They think they can legislate language, and that's hilarious.
I find the Immortals of the Académie Française endlessly amusing. Their job is to protect the French language, and boy, do they hate it when French people use English words.
The Guardian reported yesterday that the Immortals want French people to stop saying ASAP, which they called "unpleasant" and "modern junk." The members prefer the French phrase dès que possible.
When I finished laughing, I began to wonder why I find this so hilarious. I mean, my job is to tell people how to properly use English. I love the AP Stylebook and The Chicago Manual of Style, which also attempt to set standards for language. Am I a hypocrite?
I don't think so, and here's why: it's the tone that matters. My beloved style guides and I make recommendations. We tell you how to use the language if you want to use Standard English or want to follow a specific style. We're here to help. It's the self-important tone of the edicts from the Académie Française that makes them so funny. Anyone who studies language knows that languages change and the change is driven by the people. A ruling body may be able to slow that change, but a panel of 38 people, no matter how distinguished, will never stop the masses from using ASAP if the masses like ASAP more than they like dès que possible.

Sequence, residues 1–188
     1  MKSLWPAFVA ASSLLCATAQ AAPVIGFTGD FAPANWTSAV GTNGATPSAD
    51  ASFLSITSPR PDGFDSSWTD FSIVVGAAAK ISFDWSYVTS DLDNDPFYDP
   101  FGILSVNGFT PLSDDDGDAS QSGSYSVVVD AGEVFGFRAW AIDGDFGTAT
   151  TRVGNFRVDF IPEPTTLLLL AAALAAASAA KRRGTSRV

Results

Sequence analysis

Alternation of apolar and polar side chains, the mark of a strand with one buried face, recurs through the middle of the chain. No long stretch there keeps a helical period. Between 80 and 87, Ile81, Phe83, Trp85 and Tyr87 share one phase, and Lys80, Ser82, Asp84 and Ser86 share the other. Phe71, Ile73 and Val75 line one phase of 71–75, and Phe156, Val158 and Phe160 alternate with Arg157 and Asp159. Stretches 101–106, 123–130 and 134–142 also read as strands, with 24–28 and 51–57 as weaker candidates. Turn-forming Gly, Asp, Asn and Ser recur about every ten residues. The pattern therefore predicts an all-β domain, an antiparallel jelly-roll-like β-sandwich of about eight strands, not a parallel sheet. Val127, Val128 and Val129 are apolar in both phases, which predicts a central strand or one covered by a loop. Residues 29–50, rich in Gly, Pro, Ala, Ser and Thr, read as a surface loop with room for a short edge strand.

Good luck getting in the way of language change. It's funny that they think they can.
Image courtesy of Shutterstock. (Victor Hugo was an Immortal.)